This document describes the nomenclature limits of the tools we use and our recommended practices. It represents precedent practice, and as such, it describes the course easiest for us to follow. Other than the name lengths, conformance is not required, but it might speed your work with us.
There was already in existence a complete and unique set of part numbers for all parts in our inventory at the time that part names were created. After some debate it was decided that there was a need for a nomenclature which would be as descriptive as possible within the limits of an eight character field. Our eight character part numbers were viewed as arcane and obstructive to understanding. When we threatened to use them on the schematics, the engineers folded their arms and glared at us. Random descriptive strings held the dangers of overlapping to other parts. Thus certain rules of naming parts were created, not without a certain amount of sweating and shouting, to satisfy the following criteria.
The name must fit into an EIGHT character field.
The name must be absolutely UNIQUE to the part as defined by its relevant physical and electrical characteristics, ie. size, footprint, and pin function assignments.
The name must have good RECOGNITION; as much as we can, we should use the vernacular name (the name an engineer would call it in conversation) for the part.
The naming method must be COMPREHENSIVE, that is it must cover all part types and values which we are likely to use.
As much as possible within the above constraints, the name should be GENERIC; it should refer to the widest range of parts which could be safely substituted at this location.
The name should be SORTABLE; its first characters should cause it to alphanumeric sort into association with its cousins.
In sum, part names must be:
Some of these criteria also apply to signal names and reference designators. (unique, recognizable, sortable)
Reference designators must be SIX CHARACTERS or less. Schema will handle more than six, but when SPCB receives the pin list it chokes on references larger than six characters. The reason is that SPCB appends characters to a reference as a way of generating a net name when the schematic shows a line instead of a label. The reference designator will show on the silkscreen on the PC board as well as on the schematic; it should be either be suggestive of the function of the part or of its location on the board or schematic. Once the board is in production the references should not change without a very compelling reason; it's a lot of work.
To leave room for the possible appending of an active-low character (~), active-high names should be restricted to ELEVEN characters. Signal names must be no more than TWELVE characters overall.
Signal names must be unique within the schematic of course, and where signals are passed from board to board the names should be, if not identical, at least consistent variants. The same rule should apply to signals on opposite sides of a buffer (data0, bdata0).
The name should be suggestive of the function of the signal when active or true; it is assumed active high unless the active-low character is appended.
If the character used to signify active-low is appended to the end of the name (rather than the beginning), the signal name will sort into proximity with its active-high, noninverted, siblings in net lists etc. This is desirable.
The active-low character used in the past was a dash " - ", but a tilde " ~ " is now standard. Tildes are used in PAL equations, and they are easier to spot on the schematic, as dashes tended to blend in with the pin stubs.
The top four items fill in the BOM which, among other things, serves as a paper index to the part numbers ("PNs") and part names. The last item determines which body object will be shown on your schematic.
[The remainder of this document is included here for illustration
of methods and for completeness. You should feel free to diverge
from the nomenclature below, or invent your own system. These names
work well for the eight character limit in a company with a total
inventory of less than 10000 electronic part types. If you have more
than that number of part types floating around, it is time to do some
serious review of design practices.]
See class codes document for a complete list of class codes used in the same context.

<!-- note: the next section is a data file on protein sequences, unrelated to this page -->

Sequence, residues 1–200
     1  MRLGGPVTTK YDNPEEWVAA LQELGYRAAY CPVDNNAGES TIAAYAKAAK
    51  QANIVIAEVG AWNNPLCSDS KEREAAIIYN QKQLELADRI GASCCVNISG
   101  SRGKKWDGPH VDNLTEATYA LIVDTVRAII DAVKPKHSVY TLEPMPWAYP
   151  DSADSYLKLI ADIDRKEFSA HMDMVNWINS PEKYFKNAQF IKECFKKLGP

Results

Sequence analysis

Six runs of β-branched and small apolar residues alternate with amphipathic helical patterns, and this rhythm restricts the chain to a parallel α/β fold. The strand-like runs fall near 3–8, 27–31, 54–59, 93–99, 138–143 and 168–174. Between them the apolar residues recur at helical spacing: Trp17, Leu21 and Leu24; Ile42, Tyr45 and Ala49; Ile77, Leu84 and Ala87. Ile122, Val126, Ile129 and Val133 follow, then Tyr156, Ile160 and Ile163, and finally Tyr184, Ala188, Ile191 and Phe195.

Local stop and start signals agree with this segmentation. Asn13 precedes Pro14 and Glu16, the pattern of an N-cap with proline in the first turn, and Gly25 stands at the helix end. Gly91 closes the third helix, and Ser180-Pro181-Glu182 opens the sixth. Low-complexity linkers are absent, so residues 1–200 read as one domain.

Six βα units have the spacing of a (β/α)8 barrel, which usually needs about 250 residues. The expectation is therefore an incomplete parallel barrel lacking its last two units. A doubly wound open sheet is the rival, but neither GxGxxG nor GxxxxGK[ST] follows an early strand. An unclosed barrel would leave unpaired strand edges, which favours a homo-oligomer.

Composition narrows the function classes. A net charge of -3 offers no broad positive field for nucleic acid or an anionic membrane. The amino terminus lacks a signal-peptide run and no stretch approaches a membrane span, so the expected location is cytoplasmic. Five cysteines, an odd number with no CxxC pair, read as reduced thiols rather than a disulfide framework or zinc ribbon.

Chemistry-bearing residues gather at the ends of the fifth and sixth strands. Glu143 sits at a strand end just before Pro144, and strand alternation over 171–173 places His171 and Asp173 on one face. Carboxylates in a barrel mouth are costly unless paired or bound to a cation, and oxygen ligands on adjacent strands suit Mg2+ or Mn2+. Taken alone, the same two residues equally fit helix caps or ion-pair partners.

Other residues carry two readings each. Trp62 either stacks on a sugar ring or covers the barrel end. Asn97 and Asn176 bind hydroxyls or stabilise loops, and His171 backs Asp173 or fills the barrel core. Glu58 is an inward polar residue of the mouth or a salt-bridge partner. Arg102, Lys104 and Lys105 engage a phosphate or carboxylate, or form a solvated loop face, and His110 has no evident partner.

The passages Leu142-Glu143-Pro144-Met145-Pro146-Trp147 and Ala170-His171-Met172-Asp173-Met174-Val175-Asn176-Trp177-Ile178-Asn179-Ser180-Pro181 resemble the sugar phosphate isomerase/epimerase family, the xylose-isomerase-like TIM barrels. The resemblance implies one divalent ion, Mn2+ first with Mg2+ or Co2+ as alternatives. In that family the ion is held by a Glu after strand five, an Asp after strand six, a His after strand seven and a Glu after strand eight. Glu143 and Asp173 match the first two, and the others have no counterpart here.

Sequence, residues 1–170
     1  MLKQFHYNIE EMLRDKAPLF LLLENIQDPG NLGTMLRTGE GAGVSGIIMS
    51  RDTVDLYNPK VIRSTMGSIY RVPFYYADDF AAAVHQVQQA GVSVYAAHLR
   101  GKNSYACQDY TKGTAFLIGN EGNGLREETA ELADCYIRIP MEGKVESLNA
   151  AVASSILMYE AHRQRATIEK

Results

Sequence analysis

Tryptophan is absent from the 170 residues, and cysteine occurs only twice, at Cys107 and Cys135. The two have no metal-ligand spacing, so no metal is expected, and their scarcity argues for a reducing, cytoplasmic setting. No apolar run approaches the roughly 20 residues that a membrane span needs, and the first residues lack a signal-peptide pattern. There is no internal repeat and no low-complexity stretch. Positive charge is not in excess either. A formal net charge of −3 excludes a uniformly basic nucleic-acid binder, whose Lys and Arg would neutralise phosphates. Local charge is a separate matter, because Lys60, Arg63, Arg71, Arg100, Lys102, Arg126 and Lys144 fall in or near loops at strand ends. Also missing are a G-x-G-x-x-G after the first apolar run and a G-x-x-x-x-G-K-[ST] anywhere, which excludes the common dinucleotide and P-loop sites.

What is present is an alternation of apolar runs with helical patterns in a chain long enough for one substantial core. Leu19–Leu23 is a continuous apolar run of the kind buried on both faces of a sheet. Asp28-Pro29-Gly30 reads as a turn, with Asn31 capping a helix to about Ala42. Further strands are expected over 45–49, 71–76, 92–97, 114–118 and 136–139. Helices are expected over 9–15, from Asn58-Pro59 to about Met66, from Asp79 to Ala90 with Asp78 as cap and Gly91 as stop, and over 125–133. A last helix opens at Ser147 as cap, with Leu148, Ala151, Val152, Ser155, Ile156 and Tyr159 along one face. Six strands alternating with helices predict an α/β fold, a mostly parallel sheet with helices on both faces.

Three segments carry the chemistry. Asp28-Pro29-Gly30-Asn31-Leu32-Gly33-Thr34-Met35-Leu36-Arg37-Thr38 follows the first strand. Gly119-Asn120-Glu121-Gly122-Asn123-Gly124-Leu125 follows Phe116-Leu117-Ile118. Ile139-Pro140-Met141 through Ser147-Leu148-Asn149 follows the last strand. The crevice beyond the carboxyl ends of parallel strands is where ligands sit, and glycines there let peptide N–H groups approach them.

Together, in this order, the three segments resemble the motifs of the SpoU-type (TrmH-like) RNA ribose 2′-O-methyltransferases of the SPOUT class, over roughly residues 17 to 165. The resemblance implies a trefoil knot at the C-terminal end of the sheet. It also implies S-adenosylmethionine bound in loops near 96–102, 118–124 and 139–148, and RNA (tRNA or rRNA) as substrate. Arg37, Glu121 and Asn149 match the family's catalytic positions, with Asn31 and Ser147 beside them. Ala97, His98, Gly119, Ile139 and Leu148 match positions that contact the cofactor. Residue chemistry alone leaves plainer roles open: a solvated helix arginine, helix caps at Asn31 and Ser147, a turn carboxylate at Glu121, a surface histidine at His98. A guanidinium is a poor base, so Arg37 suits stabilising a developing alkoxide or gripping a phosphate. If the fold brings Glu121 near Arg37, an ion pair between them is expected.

Resistors: class 590- Rwt-vvvv where R is fixed (literal) w = wattage denominator; 1=1W; 2=1/2W; 4=1/4W; 8=1/8W. t = tolerance 1=1%, 2=2%, 5=5%, 0=10%. - vvvv = value (including "K" or "M" and ".") EXAMPLE: R85-5.1K = resistor, 1/8W, 5%, 5.1K ohms. R41-332 = resistor, 1/4W, 1%, 332 ohms. - or- Rlwtvvvv where R is fixed (literal) l = large (for sizes over 1W w = wattage denominator; 1=1W; 2=1/2W; 4=1/4W; 8=1/8W. t = tolerance 1=1%, 2=2%, 5=5%, 0=10%. vvvv = value (including "K" or "M" and ".") EXAMPLE: RL210002 = resistor, large, 2 watts, 1%, 2 ohms. Capacitors: class 580- Cxynnnnm where C is fixed xy is a sequential alphanumeric (beginning (0A, 0B, ...) arbitrary and unique for each decal/cap-type. nnnn is a 4 character number designating capacitance value. m is units of capacitance (multiplier) U = microfarads P = picofarads EXAMPLE: C0P0005P = capacitor, type "P", 5 picofarads. C0D03.3U = capacitor, type "D", 3.3 microfarads. Trim capacitors: class 580- TCyvvvvm where TC is fixed y is a sequential alphabetic (beginning (A,B,...) arbitrary and unique for each unique decal. vvvv is a 4 character number designating the capacitance value at the high end of the range. m is units of capacitance (multiplier) U = microfarads P = picofarads EXAMPLE: TCB0020P = trim capacitor, type "B", 2-20 picofarads Potentiometers: class 592- Pxy-vvvv where P is fixed xy is a sequential numeric (beginning (01, 02, ...) arbitrary and unique for each unique decal. vvvv = value (including "K" or "M") at the high end of the resistance range EXAMPLE: P08-100K = pot, type "8", 0-100K ohms. Resistor Networks: class 595- Nxyvvvvv where N is fixed xy is a sequential alphabetic pair (AA, AB, AC,...) arbitrary and unique for each item. vvvvv is the value EXAMPLE: NAB00033 = resistor network, type "AB", 33 ohms Headers: class 610- Hnn-bbbb -or- Hnnn-bbb where H is fixed nn = the number of conductors (pins or sockets) bbbb = the base number EXAMPLE: H34-0313 = header, 34 pin, PN 610-0313. Note exception: H34R0313 = 610-0313 + 610-0541 (RFI shield). Parts H34-0313 and H34R0313 are equivalent at the board fab level but distinct on the BOM & assembly level. So: alpha characters may be used in place of the dash in H and J part names to further describe assemblies of the part wherever the fab footprint and basic component are identical. Jumpers class 610- Jnn-bbbb where J is fixed nn = the number of conductors (pins or sockets) bbbb = the base number EXAMPLE: J02-0346 = jumper, 2 pin, PN 610-0346. Jumpers differ from headers only in function: headers conduct to off board cables or cards; jumpers provide contact between two or more traces on the same board. Thus H02-0346 and J02-0346 are both pur- chased as PN 610-0346. They use the same decal in SPCB. They have different name and body objects in the schema libraries which refer to their different functions. Logic IC's class 360-,... 369- [old format] 74xxxnnn where 74 is fixed xxx are three optional technology code letters nnn are two or three numerics echoing the TTL gate configuration. EXAMPLES: 74ALS245, 74HC244, 74F283, 74AC04, 7406, ... Logic IC's class 360-,... 369- [new format] xxxnnnnn where (74 is dropped) xxx are three optional technology code letters nnnnn are five numerics echoing the TTL gate configuration. and either or both fields may be partially filled. EXAMPLES: ALS245, HC244, F283, AC04, ALS12645, ALS1034,... Memories: class 323-, ... 327 We use the kernel of the manufacturers part number, beginning with their, usually 2 letter, manufacturer's prefix, followed with four or five significant numerics, usually indicating the type and size of the RAM. We usually omit technology and speed indicators since we have only eight characters available. EXAMPLES: TC55257, MCM6256 Memories: class 323-, ... 327 Alternative scheme: VRM464Z = VRAM, ZIP PKG, 64x1, MFG # M5M4C264L-10 DRM4256Z = DRAM, ZIP PKG, 256x1, MFG # MB81C4256-10 Programmable logic: class 340-, ...350- xALnnyyymm where x = either P (programmable) or G (re-programmable) AL is fixed nn = number of inputs yyy = usually L, R, or V, indicating array type mm = number of outputs EXAMPLE: GAL16V8 This nomenclature is a direct reflection of industry usage. Linear circuits: class 440-, ...499- Our part names use the manufacturer's two letter prefix and 2-4 number part type and sometimes even a suffix if it is needed to make the name unique for form or function. EXAMPLES: LF398, LM7912CT, LM317LZ, LM78L05Z, HA5147, MP7685 Switches: class 555- Sxsspptt where S is fixed = "switch" x = sequential alphanumeric for package type ss = number of switches pp = number of poles tt = number of throws EXAMPLE: SA080101 is A type, 8 switches, 1 pole, 1 throw. SB010104 is B type, 1 switch, 1 pole, 4 throws. Note: this class is for on-board switches, off-PCB switches are class 651-. Crystals: class 499- Xxyvvvvv where X is fixed xy is a sequential alphabetic pair (AA, AB, AC,...) arbitrary and unique for each item. vvv is the value GH, MH, KH, or H for giga-, mega-, kilo-, or just hertz. EXAMPLE: X0A016MH Crystal, type A, 16 MHZ. Transistors and diodes: class 500-, ...505- We use the "2N...." and "1N...." nomenclature which is generic and customary, where it can be applied. Otherwise names are made as for linear parts above. EXAMPLES: 2N3440, 1N4305, SD5200, Inductors: class 560- Lxyvvvvm where L is fixed xy is a sequential alphabetic pair (AA, AB, AC,...) arbitrary and unique for each item. vvvv is the value m is units of capacitance (multiplier) where: M = millihenries U = microhenries N = nanohenries P = picohenries EXAMPLE: L0A0061U Inductor, type A, 61 microhenries All others, CPU's, imaging devices, etc.: So far, for all other devices, we are just following the general guidelines set out at the beginning of this document. EXAMPLES: TMS34010, HE98243, DSP32C. end. PNDOC 12/07/89, 7/24/97, 3/28/02 R L Hileman